2

If the subfloor is plywood no other ply is necessary; but you do need a flat surface for the Ditra. If the subfloor cannot either be scraped, chiseled, or sanded flat then self leveling compound may be required. If you use self leveling compound remember that the surface should be primed first - follow the product's prep recommendations. 1/8" plywood, in ...


2

A flexible underlay will compact when walked on. This helps if your floor is slightly imperfect (it is) and people walk on the tongue-and-groove connections (they will). The extra stress could cause the connector to snap off one of the boards. A more compelling reason is that any slight dips in the floor will cause an audible sound every time you step on it ...


2

In agreement with the above and further suggest: 1) Walk the existing floor in silence, use 1-1/4" screws to eliminate real or perceived squeaks. 2) Pay attention to the butt joints, if they are swelled knock them down with a belt sander. 3) At the top of the stairs be sure the entire area is screwed down well, it takes brutal traffic. 4) Go opposite the ...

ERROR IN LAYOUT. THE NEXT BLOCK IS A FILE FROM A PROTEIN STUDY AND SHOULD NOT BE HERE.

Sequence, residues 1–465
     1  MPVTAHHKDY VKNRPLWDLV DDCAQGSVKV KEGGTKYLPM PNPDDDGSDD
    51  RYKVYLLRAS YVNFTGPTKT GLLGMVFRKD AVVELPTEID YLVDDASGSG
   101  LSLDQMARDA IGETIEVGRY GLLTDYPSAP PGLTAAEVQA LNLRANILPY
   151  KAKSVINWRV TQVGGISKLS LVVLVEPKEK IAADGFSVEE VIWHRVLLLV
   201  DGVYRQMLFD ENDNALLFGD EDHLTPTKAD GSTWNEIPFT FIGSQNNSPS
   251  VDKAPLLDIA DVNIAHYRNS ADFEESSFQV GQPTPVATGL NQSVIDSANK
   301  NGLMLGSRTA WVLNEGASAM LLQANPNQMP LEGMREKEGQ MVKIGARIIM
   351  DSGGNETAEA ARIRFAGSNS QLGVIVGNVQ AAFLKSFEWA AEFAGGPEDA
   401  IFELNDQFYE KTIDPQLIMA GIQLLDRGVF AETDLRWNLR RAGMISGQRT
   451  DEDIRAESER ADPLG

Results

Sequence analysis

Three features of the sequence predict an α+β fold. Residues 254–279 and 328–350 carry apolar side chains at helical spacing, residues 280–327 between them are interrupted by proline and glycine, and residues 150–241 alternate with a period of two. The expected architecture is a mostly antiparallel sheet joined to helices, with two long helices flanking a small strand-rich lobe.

2

DO not overlap as it will cause a noticeable uneven floor when walking over the areas. We cut to size and tape where the underlayment meets. Overlap the wall areas and once flooring is complete prior to baseboard installation, simply cut along the edge (leaving a 1/4"-1/2" overcut) and tuck the underlayment under the sheetrock. This allows an overlap of ...


2

You need to tile over a solid surface. Needless to say, this stuff doesn't count, so you'll need to remove it. With a wooden subfloor, the preferred tile base is cementboard. Screw it down, mortar the seams, and go to town with your tiles.